Front Page Titles (by Subject) Article III: Taxes upon the Wages of Labour - An Inquiry Into the Nature and Causes of the Wealth of Nations (Cannan ed.), vol. 2
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Article III: Taxes upon the Wages of Labour - Adam Smith, An Inquiry Into the Nature and Causes of the Wealth of Nations (Cannan ed.), vol. 2 
An Inquiry into the Nature and Causes of the Wealth of Nations by Adam Smith, edited with an Introduction, Notes, Marginal Summary and an Enlarged Index by Edwin Cannan (London: Methuen, 1904). Vol. 2.
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Taxes upon the Wages of Labour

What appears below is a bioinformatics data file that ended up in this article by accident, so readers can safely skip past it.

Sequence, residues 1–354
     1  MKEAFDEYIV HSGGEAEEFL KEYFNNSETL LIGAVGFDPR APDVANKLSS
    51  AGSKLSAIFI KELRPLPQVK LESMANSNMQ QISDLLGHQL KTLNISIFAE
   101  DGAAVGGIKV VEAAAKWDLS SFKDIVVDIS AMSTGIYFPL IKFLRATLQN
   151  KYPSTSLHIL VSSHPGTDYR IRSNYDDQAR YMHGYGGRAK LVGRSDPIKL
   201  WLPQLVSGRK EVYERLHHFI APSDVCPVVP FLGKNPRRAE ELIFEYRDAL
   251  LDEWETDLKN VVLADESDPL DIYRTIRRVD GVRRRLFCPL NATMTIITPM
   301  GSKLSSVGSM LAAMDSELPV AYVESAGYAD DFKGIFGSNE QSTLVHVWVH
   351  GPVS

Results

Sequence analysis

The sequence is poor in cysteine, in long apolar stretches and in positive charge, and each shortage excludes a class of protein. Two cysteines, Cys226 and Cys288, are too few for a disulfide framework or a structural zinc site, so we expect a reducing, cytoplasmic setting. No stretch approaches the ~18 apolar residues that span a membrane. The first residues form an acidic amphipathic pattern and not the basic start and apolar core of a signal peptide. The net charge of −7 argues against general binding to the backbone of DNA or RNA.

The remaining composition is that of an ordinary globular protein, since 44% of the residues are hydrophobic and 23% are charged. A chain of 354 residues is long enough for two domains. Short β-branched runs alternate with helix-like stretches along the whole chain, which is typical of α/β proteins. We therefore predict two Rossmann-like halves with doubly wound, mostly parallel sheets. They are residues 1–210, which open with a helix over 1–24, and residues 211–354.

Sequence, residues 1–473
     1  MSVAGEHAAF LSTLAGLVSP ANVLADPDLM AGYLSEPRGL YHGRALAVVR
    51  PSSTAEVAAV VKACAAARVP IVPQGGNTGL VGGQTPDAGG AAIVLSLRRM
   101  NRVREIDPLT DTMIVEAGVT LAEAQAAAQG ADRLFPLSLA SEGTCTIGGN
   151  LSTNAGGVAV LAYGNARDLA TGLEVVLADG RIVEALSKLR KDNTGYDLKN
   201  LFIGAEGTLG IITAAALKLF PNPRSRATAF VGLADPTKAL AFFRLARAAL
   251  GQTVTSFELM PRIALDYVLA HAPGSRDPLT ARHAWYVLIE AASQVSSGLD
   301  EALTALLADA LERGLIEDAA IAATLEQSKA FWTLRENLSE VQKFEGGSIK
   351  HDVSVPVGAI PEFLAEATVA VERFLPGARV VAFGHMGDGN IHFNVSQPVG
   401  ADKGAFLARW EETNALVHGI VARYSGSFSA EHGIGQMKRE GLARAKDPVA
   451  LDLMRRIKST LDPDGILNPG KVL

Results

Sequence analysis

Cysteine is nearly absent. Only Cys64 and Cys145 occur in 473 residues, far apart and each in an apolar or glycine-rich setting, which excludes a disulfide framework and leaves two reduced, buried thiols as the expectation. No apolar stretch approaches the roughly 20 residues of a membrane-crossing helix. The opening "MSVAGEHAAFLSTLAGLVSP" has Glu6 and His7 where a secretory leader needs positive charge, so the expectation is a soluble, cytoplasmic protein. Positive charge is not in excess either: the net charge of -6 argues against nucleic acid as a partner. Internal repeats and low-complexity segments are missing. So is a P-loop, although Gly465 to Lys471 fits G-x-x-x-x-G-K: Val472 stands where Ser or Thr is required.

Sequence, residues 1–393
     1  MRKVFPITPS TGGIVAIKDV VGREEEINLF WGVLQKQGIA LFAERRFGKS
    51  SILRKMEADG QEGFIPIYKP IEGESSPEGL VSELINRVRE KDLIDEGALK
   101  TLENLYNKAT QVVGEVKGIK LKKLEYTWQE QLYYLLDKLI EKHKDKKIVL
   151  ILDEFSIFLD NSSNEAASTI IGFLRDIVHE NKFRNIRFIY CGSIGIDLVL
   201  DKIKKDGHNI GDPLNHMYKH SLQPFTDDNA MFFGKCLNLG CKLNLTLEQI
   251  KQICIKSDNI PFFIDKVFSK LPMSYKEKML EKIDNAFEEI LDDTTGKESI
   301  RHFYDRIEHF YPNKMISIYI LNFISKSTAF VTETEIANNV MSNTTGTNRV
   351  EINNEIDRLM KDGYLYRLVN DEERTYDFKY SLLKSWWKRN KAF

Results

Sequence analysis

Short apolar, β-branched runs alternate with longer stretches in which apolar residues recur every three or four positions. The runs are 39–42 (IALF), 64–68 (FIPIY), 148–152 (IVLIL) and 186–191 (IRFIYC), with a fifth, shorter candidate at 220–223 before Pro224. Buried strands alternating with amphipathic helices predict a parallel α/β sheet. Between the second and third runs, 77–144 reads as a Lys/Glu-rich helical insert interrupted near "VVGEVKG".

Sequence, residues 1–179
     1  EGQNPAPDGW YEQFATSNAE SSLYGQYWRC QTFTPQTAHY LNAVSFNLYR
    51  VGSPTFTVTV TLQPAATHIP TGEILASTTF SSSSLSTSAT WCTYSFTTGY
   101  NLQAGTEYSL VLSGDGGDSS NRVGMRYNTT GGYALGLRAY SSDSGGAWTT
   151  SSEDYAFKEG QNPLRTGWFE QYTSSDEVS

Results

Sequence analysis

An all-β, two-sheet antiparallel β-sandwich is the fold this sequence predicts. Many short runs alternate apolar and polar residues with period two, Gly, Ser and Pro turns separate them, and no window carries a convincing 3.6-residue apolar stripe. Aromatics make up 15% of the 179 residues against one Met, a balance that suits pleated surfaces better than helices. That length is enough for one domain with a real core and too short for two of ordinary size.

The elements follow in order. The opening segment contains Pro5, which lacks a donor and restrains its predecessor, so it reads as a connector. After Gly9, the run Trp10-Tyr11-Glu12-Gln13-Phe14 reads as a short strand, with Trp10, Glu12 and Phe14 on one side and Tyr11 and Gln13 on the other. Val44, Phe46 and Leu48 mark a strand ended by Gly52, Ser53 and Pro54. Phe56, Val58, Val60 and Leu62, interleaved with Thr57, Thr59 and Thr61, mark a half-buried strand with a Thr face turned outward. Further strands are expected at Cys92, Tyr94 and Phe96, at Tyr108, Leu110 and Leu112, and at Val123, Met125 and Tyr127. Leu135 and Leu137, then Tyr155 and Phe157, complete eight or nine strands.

A tax on wages must raise wages by rather more than the amount of the taxTHE wages of the inferior classes of workmen, I have endeavoured to show in the first book, are every where necessarily regulated by two different circumstances; the demand for labour, and the ordinary or average price of provisions. The demand for labour, according as it happens to be either increasing, stationary, or declining; or to require an increasing, stationary, or declining population, regulates the subsistence of the labourer, and determines in what degree it shall be, either liberal, moderate, or scanty. The ordinary or average price of provisions determines the quantity of money which must be paid to the workman in order to enable him, one year with another, to purchase this liberal, moderate, or scanty subsistence. While the demand for labour and the price of provisions, therefore, remain the same, a direct tax upon the wages of labour can have no other effect than to raise them somewhat higher than the tax. Let us suppose, for example, that in a particular place the demand for labour and the price of provisions were such, as to render ten shillings a week the ordinary wages of labour; and that a tax of one-fifth, or four shillings in the pound, was imposed upon wages. If the demand for labour and the price of provisions remained the same, it would still be necessary that the labourer should in that place earn such a subsistence as could be bought only for ten shillings a week, or that after paying the tax he should have ten shillings a week free wages. But in order to leave him such free wages after paying such a tax, the price of labour must in that place soon rise, not to twelve shillings a week only, but to twelve and sixpence; that is, in order to enable him to pay a tax of one-fifth, his wages must necessarily soon rise, not one-fifth part only, but one-fourth. Whatever was the proportion of the tax, the wages of labour must in all cases rise, not only in that proportion, but in a higher proportion. If the tax, for example, was one-tenth, the wages of labour must necessarily soon rise, not one-tenth part only, but one-eighth.